Cousins, West Grove, Pa., is headed to the Fair Hill CCI*** (Md.) with both her rides, she said she was pushing “Robbie” along to make the time.
“If you are going to go to Fair Hill to be competitive, you want to make sure you are carrying the speed here. You need to get a read for how long you’ll need to set up, how they’ll feel—if you don’t, you’ll get to Fair Hill a little under-prepared.”
She described Robbie, an 11-year-old off-the-track Thoroughbred, as “a bit of a sleeper. He’s like a little, grumpy old man, but he’s all business,” she said. “He’s a very good cross-country horse.”
She doesn’t run him in horse trials very often, preferring to focus on dressage and jumper schooling shows. “The more you run them, the more you risk,” she said. “He doesn’t need practice with cross- country. He needs practice with dressage and show jumping.”
Rosin Moves Up To Blue
Breaking up the list of perennial winners at the top of the leaderboard was Molly Rosin, a California transplant now living in Oxford, Pa., who scored her first intermediate victory in the CIC** about Havarah’s Charly.
Rosin found “Charly,” a 10-year-old Hungarian Warmblood, four years ago. He had come from a jumper breeder in Hungary and was in the States to make a career change to eventing.
“He was a horse I was supposed to help some people sell, but I really liked him and thought he could be the one to help take me advanced,” said Rosin.
Today, he’s owned by 11 shareholders in the Minyan Syndicate, and, after several years sorting out control issues at the preliminary level, Rosin moved him up to intermediate last year.
Rosin and Charly moved east so that she could better round out her own education: breaking babies, galloping racehorses, learning more about riding over varied terrain and taking advantage of the wealth of competitions. More recently she began training with Boyd and Silva Martin, who she credited for helping to make Charly more rideable, both over fences and on the flat.
“Both of them have been great in realizing he’s a fantastic horse but difficult to ride,” said Rosin.
Rosin spent most of the weekend in second place behind Martin, her coach, who lead the CIC** through dressage and cross-country aboard Bellaney Destiny.
But when Martin pulled a rail and Rosin went clean in show jumping, she leapfrogged ahead of him.
“All the work with Boyd and all the work riding a lot of different horses, it feels like it all came together,” said Rosin, who is planning to take Charly to the inaugural Fair Hill CCI**.
Taking Plantation Field To A New Level
Hosting an FEI-recognized competition required some big changes at Plantation Field’s rustic venue—chief among them upgraded arenas and redesigned cross-country courses.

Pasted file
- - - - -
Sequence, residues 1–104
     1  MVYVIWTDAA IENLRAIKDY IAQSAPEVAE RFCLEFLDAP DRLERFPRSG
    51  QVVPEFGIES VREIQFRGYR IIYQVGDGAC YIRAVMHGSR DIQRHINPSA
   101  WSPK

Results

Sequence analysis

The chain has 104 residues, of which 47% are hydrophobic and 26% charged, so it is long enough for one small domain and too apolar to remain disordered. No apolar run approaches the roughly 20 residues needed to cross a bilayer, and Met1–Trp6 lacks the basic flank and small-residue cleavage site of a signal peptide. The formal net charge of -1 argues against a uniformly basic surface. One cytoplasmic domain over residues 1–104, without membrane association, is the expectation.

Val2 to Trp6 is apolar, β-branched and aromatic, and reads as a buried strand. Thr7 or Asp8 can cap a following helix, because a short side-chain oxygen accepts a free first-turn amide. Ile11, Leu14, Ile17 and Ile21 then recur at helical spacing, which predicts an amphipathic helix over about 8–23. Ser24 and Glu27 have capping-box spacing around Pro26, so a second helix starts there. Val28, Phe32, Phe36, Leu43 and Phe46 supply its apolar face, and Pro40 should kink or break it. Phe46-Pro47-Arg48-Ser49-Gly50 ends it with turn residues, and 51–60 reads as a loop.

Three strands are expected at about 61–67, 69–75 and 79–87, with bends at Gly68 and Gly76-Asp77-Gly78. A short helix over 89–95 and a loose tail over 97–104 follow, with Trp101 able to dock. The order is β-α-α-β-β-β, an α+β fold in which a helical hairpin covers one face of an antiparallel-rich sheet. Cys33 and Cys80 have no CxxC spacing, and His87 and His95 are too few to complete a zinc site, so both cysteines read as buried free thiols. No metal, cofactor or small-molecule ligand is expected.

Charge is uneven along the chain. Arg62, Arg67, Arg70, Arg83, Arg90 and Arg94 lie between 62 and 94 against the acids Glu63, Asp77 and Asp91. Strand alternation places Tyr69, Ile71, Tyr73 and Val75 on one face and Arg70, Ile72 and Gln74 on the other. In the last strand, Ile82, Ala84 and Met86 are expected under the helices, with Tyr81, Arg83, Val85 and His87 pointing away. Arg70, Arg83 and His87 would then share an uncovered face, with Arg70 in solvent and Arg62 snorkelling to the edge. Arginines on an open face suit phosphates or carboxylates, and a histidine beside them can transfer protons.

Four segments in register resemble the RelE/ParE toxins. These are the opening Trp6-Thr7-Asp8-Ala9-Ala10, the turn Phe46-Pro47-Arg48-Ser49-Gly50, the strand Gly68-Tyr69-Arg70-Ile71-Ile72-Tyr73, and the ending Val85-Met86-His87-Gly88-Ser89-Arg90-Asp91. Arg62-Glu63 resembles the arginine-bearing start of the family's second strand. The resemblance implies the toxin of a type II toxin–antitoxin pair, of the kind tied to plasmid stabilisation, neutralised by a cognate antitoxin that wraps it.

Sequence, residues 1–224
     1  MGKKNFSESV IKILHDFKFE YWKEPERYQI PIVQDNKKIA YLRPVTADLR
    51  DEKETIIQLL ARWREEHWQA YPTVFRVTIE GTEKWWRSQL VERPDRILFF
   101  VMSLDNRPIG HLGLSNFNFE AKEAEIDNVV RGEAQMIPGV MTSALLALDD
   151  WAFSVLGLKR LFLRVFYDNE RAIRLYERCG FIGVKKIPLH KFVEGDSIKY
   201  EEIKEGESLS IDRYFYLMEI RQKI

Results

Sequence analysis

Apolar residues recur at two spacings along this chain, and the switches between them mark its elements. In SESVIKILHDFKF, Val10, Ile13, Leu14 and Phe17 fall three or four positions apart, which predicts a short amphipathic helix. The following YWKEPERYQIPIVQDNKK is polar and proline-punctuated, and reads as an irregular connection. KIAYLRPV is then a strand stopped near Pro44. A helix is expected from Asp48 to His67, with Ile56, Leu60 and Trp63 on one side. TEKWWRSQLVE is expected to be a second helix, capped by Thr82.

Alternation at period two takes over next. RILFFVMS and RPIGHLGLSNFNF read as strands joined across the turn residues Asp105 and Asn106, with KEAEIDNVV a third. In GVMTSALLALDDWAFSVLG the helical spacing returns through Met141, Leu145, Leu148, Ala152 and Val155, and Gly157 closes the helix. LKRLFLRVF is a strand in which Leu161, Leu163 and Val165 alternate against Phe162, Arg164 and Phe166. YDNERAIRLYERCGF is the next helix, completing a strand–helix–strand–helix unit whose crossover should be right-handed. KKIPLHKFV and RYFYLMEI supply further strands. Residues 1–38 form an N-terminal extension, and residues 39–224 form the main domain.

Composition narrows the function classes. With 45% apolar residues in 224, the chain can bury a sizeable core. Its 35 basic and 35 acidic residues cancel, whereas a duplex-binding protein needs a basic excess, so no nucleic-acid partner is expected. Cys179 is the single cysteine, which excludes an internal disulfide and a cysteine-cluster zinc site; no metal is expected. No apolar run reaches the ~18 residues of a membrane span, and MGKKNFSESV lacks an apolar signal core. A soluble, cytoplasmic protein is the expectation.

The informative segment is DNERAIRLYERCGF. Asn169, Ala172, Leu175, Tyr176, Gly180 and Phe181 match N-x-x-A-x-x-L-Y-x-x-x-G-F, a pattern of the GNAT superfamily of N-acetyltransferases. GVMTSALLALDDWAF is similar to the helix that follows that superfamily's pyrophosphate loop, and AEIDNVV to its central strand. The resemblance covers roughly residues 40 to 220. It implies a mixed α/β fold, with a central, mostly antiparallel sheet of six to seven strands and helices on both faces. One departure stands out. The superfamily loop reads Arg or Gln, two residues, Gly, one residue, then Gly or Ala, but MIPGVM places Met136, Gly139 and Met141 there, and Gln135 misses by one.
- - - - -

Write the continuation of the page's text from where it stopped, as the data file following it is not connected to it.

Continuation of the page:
Riders complimented organizers Denis Glaccum and Sarah Connell for taking on the challenge of hosting the new CIC competitions and gave them good marks on the improvements, which included new jumps and a more level, resodded grass area for the dressage and show jumping test.
The extra frills even extended to the competitor’s packets, where everyone was treated to a dog leash embroidered with “Plantation Field CIC,” promoting the event and giving riders no excuses for the perennial problem of loose dogs on the show grounds.
“I ride here at all the recognized and all the starter trials, and I drove down the road the other day and thought, ‘Wow, they really stepped this up,’ ” Sarah Cousins said. “They did a superb job with the footing, and they made great changes. The jumps are beautiful. I can’t believe, all these events later, they can still come up with a new [cross-country] track.”
It’s been 20 years since Unionville last hosted an international-level competition with the Chesterland three-day, and riders were happy to have the level back.
“I think Plantation is fast becoming one of the biggest and best events in the area,” said Boyd Martin, who trains just down the road from Plantation Field at Phillip Dutton’s True Prospect Farm in West Grove, Pa. “It’s really important, where all these people are riding, to have a showcase event. Unionville is in desperate need of a competition of this caliber.”
Glaccum said that was one of the chief reasons they pursued hosting the CICs, along with giving the area’s many upper-level riders a place closer to home where they could get needed CIC qualifications for fall three-day events.
Organizers opted to cancel the event’s usual lower-level divisions to focus on preliminary through advanced horse trial and international divisions. That cut revenues but allowed the event to have a competitor- and spectator-friendly schedule, he said.
In the future, Glaccum said organizers will continue to level and improve the dressage arena.
“We’d like to find a spot potentially for an all-weather ring,” he said. “But I happen to believe that event horses need to handle terrain. Of the three major event championships in the world, two [the Badminton and Burghley CCI****s in England] are held on grass.”